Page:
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Just Dance from the Heart: Faculty Family Gives Back

According to Susan Leary, her husband, Dr. Richard Culbertson, was “a more serious person” when they moved to New Orleans 20 years ago. Then, one night while they were attending the popular event, Art for Art’s Sake, a samba band passed by. Before Susan knew it, Richard was following the band, dancing with abandonment like a native-born New Orleanian.

Susan called out, “Dick, you don’t know how to samba!”

To which Richard replied, “You just dance from your heart!”

To Susan, that reaction sums up Richard’s attitude toward New Orleans and life in general. When you live from your heart, you can do no wrong; and that is just what the couple did in October 2016, when they surprised the schools they love with a generous gift to endow two professorships: The Susan M. Leary and Richard Culbertson Professorship in Family Medicine and The Richard Culbertson Professorship in Health Policy and Systems Management. For Susan and Richard, it is about honoring the profession of teaching, and giving back from the heart to their adopted city and state.

When the couple first decided to make the endowments, Louisiana ranked number 50 in health care by United Healthcare. Although the state has creeped up to 49, few would argue there isn’t room for improvement.

Richard has served as professor and director of health policy and systems management in the LSU School of Public Health since 2012. From 2013-2015, he served as Interim Dean of the School. Richard and Susan say they received “philanthropic inspiration” from Dr. Terry Fontham, the first dean of the School of Public Health and Richard’s immediate predecessor, who gifted a similar amount to LSU for student scholarships.

“Our legacy, we hope, will recognize and attract faculty of talent and integrity to devote their careers to LSU Health New Orleans,” Richard said.

Both Richard and Susan believe if there ever was an admirable calling, it is family medicine. They are concerned by research that shows one-in-three primary care physicians are going to retire, become disabled, or die within the next seven years. With that statistic in mind and hoping to do something to improve the challenging issues facing family medicine, they endowed the Susan M. Leary and Richard Culbertson Professorship in Family Medicine.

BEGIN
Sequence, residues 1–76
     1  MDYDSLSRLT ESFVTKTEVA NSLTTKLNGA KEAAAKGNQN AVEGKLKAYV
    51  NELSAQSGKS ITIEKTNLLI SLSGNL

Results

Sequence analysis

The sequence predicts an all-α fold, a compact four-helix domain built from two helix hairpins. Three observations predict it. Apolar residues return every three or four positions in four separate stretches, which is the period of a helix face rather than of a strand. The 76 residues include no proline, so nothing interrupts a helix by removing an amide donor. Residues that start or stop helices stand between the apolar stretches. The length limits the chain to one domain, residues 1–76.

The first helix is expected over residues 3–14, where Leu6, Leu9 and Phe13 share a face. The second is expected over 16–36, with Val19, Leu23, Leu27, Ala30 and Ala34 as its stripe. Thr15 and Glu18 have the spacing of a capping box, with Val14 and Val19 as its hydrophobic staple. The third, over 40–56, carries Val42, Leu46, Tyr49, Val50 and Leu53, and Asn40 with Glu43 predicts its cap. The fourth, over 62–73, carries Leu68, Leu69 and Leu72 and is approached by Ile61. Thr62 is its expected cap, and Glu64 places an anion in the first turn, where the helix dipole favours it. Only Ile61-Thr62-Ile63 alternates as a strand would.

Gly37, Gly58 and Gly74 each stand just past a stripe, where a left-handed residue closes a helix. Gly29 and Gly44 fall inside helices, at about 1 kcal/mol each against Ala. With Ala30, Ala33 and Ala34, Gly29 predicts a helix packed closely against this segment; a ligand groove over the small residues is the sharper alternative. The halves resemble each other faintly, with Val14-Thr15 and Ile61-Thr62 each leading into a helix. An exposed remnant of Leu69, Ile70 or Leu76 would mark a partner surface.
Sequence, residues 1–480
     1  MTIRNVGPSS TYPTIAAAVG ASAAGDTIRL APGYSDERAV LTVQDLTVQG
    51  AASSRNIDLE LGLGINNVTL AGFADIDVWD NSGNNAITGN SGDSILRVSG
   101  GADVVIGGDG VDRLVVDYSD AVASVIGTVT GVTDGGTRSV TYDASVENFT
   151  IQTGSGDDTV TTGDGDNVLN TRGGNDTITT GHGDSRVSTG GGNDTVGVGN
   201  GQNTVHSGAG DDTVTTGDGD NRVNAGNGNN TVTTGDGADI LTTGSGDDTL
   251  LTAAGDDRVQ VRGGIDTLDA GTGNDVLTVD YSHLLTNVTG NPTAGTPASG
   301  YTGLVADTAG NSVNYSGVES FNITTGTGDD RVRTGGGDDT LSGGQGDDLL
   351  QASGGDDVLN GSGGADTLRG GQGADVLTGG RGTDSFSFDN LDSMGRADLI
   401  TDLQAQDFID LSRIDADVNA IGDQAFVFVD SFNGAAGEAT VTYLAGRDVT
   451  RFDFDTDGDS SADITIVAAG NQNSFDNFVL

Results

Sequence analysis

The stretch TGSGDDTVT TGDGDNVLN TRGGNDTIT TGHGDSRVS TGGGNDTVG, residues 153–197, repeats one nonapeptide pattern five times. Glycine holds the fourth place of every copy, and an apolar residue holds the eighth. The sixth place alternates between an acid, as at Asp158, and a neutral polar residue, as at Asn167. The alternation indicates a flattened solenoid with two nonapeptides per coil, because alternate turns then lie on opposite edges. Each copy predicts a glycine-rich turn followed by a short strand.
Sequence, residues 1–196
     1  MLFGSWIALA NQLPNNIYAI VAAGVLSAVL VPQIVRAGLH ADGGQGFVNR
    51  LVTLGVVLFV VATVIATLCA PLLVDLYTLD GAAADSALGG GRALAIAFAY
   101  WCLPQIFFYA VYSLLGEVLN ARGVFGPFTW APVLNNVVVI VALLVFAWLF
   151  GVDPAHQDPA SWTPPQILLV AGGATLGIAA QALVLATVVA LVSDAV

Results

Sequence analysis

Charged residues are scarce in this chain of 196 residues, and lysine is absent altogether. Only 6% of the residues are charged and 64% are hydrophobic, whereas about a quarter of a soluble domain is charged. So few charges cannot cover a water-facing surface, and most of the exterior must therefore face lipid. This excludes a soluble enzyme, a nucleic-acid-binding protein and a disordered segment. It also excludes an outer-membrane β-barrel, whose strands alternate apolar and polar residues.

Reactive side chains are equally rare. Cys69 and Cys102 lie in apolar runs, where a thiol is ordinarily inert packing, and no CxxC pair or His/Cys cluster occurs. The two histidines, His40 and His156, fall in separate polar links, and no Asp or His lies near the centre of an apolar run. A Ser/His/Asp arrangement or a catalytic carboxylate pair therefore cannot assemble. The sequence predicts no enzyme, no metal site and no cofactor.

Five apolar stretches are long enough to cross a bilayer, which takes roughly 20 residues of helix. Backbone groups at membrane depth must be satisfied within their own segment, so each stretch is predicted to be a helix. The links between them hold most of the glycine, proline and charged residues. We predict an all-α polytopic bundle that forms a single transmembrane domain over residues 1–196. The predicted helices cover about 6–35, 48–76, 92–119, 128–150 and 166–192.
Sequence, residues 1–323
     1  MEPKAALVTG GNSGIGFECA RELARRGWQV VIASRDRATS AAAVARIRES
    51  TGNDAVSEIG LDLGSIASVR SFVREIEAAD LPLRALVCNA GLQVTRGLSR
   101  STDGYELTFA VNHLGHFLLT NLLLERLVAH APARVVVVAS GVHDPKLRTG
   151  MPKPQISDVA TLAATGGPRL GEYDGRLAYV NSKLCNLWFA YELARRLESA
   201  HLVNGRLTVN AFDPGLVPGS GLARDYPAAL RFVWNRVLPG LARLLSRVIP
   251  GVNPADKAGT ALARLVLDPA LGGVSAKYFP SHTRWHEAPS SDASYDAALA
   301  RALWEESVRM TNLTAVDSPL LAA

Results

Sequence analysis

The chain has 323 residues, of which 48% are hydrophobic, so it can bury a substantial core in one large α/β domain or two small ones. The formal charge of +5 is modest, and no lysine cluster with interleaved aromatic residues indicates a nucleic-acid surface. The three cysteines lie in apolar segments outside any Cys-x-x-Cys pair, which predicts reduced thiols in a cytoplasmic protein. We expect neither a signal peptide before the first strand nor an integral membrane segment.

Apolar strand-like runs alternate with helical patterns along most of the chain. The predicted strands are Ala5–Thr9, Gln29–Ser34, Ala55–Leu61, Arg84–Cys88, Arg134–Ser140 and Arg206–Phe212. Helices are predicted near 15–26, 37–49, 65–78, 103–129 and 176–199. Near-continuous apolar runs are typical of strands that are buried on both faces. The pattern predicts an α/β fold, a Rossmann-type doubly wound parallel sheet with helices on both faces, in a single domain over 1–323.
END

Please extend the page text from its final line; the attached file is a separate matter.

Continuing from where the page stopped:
Richard is Professor of Family Medicine at LSU School of Medicine New Orleans. In addition to his work at LSU, he has held faculty positions in family medicine at the University of Wisconsin-Madison, Indiana University, and Tulane University. He certainly understands how vital this area of medical practice is to every community, but even more so to the people of Louisiana.

Susan, who began her career as a social worker, tears up every time she thinks about the commitment of the family medicine teams she has worked with throughout her career – dedicated men and women devoted to improving the health of underserved populations, while working to educate adults about caring for their children, as well as themselves. Both Susan and Richard believe our society doesn’t value total patient care as it should.

“Doctors generally decide to specialize because that’s where the money is, but there is a real need for generalists who know more than one thing. They know how to care for children, adults, and the elderly – the whole family – yet somehow the money is in specializing,” Susan said.

Before moving to New Orleans, Susan taught family practice residents at San Francisco General Hospital—now, Zuckerberg—using a case-based approach for clinical quality. She met with the residents on a weekly basis, they reviewing cases using clinical algorithms.

The couple’s second endowment is the Richard Culbertson Professorship in Health Policy and Systems Management. As a hospital board chair and CEO, Richard wants to influence the generations that come after him in health administration.

“One of the routes to the health of the public is through more organized and rationally designed health care organizations. It isn’t only about more frugal care, it’s about providing more appropriate care,” Richard explained.

Richard, who received the Allen Copping Award for Teaching Excellence in 2015, said, “LSU has given me a magnificent opportunity to teach students who are highly motivated and idealistic. They’ve allowed me to teach in an environment with small classes where I really get to know my students. It’s with great gratitude that we’ve endowed these professorships.”

Before moving to New Orleans, Susan and Richard thought a parade was something you watched; once here, they had the revelation that you can be part of the parade. By giving to LSU Health, the couple is doing more than standing on the sidelines watching as the parade goes by – they are in the procession throwing beads with the best of them, adding their own flair and passion to the parade, and making our schools and our community all the richer.